Friday, May 11, 2012

Listening for the Elephant in the Trees

Cheetah in the Masai Mara Region of Kenya/Tanzania

I am in the preparation stages of a trip to Kenya on behalf of the church I attend.  We will have the privilege of working with nearly two dozen churches in the Mombasa area, on the Indian Ocean. 

Several years ago, my wife Teresa, and I, on a similar trip, were able to go on a safari in the Masai Mara region of Kenya.

She is an amazing photographer who, led by a great safari guide, was able to get close-up, unforgettable pictures of life in the wild.  It is rather intimidating to get this close to lions fighting over a recent kill (sorry, life in that area is pretty graphic) - the sounds of the flesh tearing, the smells of a day old kill in the heat (this was definitely NOT a Disney experience) and the realization that we were only feet from "real" wildlife.  The only protection we had was the experience and wisdom of our guide.  He took some risks to get us very close and as real an experience as possible.

Four female lions working on a wildebeast.
Our guide's name was Cyrus.  He owned (and still does today) his own safari company, with vehicles, that take tourists into as realistic an encounter with Kenyan wildlife as possible.  There seemed to be such incredible joy for him as he led us on a discovery of the life of Kenya.  In fact, the photo below, of the family of elephants, pleased him immensely. 

He slowed the safari vehicle to a crawl and pointed into the trees about 25 yards away.  His whispered question was:  do you hear them?  We thought he was joking.  We didn't hear anything except the incredible presence of silence. 

"No," he said.  "Really listen and watch." 

Within a minute or so, nearly 20 elephants came from out of the trees.  Neither my wife nor I saw trees moving, felt shaking, heard sounds - until they appeared en mass.  We saw adult, teen and baby elephants walking along, doing elephant things.  When they saw us, the teens moved to protect the babies and the adults surrounded them all and they kept moving.  It was an awe inspiring experience to balance the silence of their movements and the size of their bodies.

And yet, they were not silent.

An elephant family emerged from a cover of trees only feet from our vehicle.

Cyrus knew they were there.  Cyrus heard the noise they made.  Noticed the motion of the trees caused by 20 or more massive bodies moving toward our position.  He put us in the exact right place to get photos that would capture that moment in time - bringing us years of joy as we recollect that day and, hopefully, giving you a peek into the wildlife of Kenya by seeing the handiwork of Teresa and Cyrus.

Giraffe seemed to race the safari vehicle to cross the road first.
That day got me thinking.

How much do we miss in our lives just because we are too busy, too loud, too harried to notice the elephants walking near us?

There is so much that goes on around us.  Too much in fact.  Much of our day is focused on shutting out unwanted sights, sounds, smells.  And people.  That is a shame because in our fight to preserve "our space" we miss getting to experience some of the blessings that can come our way from other things that inhabit the same place.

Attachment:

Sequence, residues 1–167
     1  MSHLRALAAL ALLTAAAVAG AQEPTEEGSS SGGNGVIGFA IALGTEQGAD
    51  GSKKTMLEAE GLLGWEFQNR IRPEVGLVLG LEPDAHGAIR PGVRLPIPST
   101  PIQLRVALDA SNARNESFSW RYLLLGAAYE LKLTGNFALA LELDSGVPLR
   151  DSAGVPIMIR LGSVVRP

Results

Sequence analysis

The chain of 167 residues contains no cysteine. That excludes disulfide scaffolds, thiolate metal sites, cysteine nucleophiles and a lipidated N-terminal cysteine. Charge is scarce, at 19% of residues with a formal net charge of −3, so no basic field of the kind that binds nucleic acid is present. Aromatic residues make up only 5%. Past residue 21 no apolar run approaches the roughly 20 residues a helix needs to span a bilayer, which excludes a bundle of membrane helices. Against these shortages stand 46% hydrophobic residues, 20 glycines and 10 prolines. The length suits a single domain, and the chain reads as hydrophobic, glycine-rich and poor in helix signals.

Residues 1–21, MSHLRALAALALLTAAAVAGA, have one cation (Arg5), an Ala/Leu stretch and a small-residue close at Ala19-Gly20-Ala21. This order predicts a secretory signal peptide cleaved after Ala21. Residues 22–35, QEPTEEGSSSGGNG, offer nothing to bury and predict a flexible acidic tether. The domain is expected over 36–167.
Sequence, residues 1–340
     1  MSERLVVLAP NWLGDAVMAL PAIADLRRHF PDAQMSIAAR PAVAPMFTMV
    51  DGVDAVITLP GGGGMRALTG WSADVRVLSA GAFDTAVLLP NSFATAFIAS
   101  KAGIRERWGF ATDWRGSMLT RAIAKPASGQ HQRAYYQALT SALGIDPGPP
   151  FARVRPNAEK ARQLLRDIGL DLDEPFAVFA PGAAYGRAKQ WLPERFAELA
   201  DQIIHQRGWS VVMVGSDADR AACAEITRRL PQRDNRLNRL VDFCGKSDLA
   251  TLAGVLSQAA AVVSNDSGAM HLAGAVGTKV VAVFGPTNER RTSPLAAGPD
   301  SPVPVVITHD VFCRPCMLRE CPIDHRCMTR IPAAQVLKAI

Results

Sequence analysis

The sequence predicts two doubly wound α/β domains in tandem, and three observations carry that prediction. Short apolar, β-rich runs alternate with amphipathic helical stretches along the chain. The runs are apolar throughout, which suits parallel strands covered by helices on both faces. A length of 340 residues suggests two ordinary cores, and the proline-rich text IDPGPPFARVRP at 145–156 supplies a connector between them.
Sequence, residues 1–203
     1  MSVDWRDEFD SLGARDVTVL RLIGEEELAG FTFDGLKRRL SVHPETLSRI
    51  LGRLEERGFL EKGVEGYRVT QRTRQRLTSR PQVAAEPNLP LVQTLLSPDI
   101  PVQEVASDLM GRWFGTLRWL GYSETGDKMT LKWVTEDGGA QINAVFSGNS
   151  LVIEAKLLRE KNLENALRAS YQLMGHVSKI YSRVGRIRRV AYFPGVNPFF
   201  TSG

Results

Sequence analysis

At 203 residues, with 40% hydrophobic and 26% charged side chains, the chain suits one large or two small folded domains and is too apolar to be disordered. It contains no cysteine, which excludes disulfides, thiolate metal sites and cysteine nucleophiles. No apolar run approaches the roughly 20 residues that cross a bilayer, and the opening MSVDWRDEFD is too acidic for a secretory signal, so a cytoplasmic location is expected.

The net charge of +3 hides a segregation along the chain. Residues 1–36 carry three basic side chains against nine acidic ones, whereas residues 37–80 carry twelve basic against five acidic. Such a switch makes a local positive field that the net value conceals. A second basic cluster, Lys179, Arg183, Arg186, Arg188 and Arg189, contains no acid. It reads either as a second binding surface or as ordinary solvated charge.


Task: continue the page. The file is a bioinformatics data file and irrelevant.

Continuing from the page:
Had Teresa and I been alone on the safari, we would have sped past the stand of trees holding the elephants.  We would have been in a hurry to "see" the next big thing we needed to see.  To race to finish that part of the safari like the giraffes in the picture above.

And we would have missed the biggest family of animals we had ever been around.  Missed it entirely.

In the old days (otherwise known as the 1980s), there actually was time for silence.  Cell phones didn't exist.  Radio stations only carried so far.  It was not unusual to travel for miles and miles in silence.  Thinking, listening to the quiet.  Or, in that quiet you could hear the small, still voice of God.  Prodding, encouraging, prompting us to action. 

With all of the noise that surrounds our every waking hour, we shut out the opportunity to hear God's voice in any part of our life.  We often pray that God will guide us, direct us.  What if He is whispering His word in our ears?  But they are plugged by earbuds for our music.  Clogged by the cell phone extending from our head.  Overloaded by satellite radio and tv.

But on the plains of the Masai Mara - we heard - silence.  Big silence.  So quiet that it almost hurt your ears.  I found that, after a couple of days, I could hear the sound of hippos thumping the water from miles away.  I could hear the hyenas circling the wildebeast kill to scavenge after the lions finished.  I could hear the wings of the vultures beating above us, looking for "leftovers."

The time of silence caused my ears to become sensitive to all sounds around me.  I was amazed at how quickly Scripture or spiritual songs came to my mind as an explanation for what I was seeing and hearing.  The words, stories and songs came so naturally to me in that setting of wildlife that I felt like it had been bottled up for a long, long time.  Just waiting for a chance to come out - when the silence could be filled by the words of God.  The words were always there but it was too loud to be heard.  Until the silence filled my ears.

The contrast between the big silence and the big wildlife was astounding.  Inspiring.  Necessary. 

Now, I try to take that kind of time.  Shut out some of the noise.  Listen for the elephant in the trees.
Do you?

1 comment:

  1. Great post. No, nothing like Disney! I hope to be able to do that one of these days!